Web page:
The Organizing Secret No One Wants to Hear

We all welcome a magic bullet, a hack, a shortcut that takes something hard or time consuming and makes it easier and fast tracks our success. What’s the secret to parenting, a happy life, or…an organized home? I’ll pass on weighing in on the first two, but I do have some things to say about the last one. This organizing secret may not be popular, though. It may not be what you want to hear. And, I don’t particularly love sharing it. That’s not true. I do love it, but I tend to tread lightly here. Any guess what it is?

Most organized homes have common components to them…effective systems, daily maintenance, healthy habits. But THE number one thing that makes getting and staying organized easier is to HAVE LESS STUFF.

So, why would no one want to hear that? Well, it could be interpreted as a directive, or a judgment…on decisions you’ve made, money you’ve spent, lifestyle, habits, priorities, emotional attachment to things, etc. But, it’s not. Why? That wouldn’t be helpful and it’s often not true. Also, people often judge themselves enough with others doing it, too. So what is it? It’s simply an objective look that acknowledges having less = less time and money spent on the purchase and maintenance of said stuff. Less stuff = more open space. Less stuff = less opportunity to create clutter. And, less stuff = more ease. And I want ease for you.

It’s also just simple math. If you compare the amount of space you have to the amount of stuff, and stuff > space, that equals excess. And excess can be organized at a snapshot in time, but it’s very challenging to keep organized over the long haul. Adding one more thing to a taxed overflowing space and the system falls apart.

You many be thinking easy for you to say. You don’t know MY situation. True. There are many reasons for stuff… lots of kids, multiple hobbies, a tiny home, no pantry, not enough storage, or inherited stuff. I don’t want to diminish the reality that some circumstances make it harder to “just own less” than others. However, if we come back to the notion that, emotions aside, less stuff = more ease, we can at least more easily see the attractiveness in scaling back.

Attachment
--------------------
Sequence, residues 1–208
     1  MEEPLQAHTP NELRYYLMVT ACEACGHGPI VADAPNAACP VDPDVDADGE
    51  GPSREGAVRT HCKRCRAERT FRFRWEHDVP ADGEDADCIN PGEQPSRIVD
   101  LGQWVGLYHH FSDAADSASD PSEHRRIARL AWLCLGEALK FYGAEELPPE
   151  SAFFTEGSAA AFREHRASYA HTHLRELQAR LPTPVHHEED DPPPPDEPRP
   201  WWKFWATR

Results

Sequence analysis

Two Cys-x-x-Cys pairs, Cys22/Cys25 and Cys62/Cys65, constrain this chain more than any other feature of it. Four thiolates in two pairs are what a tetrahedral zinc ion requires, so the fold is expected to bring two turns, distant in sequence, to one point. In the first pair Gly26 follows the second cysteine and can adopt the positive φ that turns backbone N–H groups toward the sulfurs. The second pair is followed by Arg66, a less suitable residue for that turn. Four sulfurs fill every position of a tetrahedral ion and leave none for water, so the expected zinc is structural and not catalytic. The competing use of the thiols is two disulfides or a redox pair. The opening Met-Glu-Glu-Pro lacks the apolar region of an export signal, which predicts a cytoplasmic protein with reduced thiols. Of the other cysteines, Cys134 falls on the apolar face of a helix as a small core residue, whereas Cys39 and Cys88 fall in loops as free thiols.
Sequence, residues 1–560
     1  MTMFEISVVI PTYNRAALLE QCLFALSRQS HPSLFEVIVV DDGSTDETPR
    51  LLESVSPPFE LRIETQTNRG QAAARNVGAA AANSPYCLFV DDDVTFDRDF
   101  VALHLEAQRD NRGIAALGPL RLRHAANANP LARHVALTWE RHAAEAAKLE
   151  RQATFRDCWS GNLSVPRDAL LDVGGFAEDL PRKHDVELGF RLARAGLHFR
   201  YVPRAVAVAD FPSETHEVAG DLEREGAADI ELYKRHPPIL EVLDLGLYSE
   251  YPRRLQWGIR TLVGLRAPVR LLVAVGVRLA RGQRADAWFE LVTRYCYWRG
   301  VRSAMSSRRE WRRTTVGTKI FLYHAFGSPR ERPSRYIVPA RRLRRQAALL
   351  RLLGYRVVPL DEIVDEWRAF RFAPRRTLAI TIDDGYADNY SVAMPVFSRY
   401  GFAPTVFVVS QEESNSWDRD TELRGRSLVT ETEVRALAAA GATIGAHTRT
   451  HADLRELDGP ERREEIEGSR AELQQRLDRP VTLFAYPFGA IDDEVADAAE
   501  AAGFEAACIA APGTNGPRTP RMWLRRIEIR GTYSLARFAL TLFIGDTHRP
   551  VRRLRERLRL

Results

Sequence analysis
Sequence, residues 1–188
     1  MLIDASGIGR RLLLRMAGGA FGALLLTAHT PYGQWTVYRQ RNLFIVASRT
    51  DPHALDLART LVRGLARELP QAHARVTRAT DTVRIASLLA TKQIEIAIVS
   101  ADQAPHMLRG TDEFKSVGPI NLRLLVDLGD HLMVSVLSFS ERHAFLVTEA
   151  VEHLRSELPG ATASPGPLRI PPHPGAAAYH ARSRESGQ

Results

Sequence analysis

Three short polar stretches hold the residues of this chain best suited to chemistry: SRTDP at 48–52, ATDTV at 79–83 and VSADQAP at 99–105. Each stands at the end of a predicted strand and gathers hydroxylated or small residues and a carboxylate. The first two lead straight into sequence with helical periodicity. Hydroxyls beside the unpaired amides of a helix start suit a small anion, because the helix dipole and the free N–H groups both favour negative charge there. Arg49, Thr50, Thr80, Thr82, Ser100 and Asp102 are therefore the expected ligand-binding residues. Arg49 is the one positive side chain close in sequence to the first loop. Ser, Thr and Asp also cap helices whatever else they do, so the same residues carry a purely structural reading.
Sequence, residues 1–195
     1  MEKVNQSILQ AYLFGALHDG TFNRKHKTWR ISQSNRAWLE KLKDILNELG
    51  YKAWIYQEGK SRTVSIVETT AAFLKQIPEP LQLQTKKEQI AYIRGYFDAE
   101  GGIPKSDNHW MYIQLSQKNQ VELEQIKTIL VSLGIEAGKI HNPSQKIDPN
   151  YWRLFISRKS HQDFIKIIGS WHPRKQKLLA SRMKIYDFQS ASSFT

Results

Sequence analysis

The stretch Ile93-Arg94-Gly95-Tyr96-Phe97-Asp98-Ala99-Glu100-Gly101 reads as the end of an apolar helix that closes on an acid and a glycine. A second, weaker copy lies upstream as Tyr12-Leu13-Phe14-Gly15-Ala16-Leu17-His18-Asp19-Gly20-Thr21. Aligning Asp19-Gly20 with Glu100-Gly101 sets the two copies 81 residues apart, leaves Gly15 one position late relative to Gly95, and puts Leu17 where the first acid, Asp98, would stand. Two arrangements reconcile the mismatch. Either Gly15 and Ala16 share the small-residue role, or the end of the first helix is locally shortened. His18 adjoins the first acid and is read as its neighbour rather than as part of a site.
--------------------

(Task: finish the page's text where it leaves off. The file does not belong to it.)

Desire is one thing, but commitment and taking action is another. Commitments can be hard. But, really, is there a decent alternative? Continue to bust at the seams? Continue to have stuff take up your precious space, maintaining it, fixing it, moving it? Continue to feel burdened for…ever? At some point, cut your losses. EVEN THOUGH your stuff cost $, EVEN THOUGH you thought you’d use it but you didn’t, EVEN THOUGH it was on sale, let it go because it’s not serving you.

So, if there’s even a tiny part of you that thinks that you have too much stuff and you’re ready to part with some things, now what? First of all, start small. Get rid of a few ______ (fill in the blanks) and see how it goes. If you’re still standing ( you will be!), dig a little deeper. There are levels to decluttering and we can only tackle what we’re ready for. Step aside and come back in an hour, a day, a week or a month. When you’re ready for more, you do more. Whenever your mind resists you…”But I paid good money for it.” Or “But it was a gift”, remember your goal of ease, and remember that memories are not in things. They’re in you. All that being said, by all means keep your grandmother’s china. Keep what you value.

This isn’t about minimalism, which often gets a bad rap. A middle ground is available! You can have a life that doesn’t involve deprivation or lack, but includes owning what you want, need, use, and have space for. There’s no universal answer as to how much is too much, not enough, or just right. But, some clues you may have too much are….feeling stressed in your environment, having trouble finding things, piles that just grow bigger not smaller, time consuming clean ups. So, chip away one item at a time, one decision at a time. Move quickly, without overthinking. You will make progress. It’s inevitable. To quote the wise Joanna Gaines from her book The Stories We Tell “letting go reveals what else our arms were made to carry”.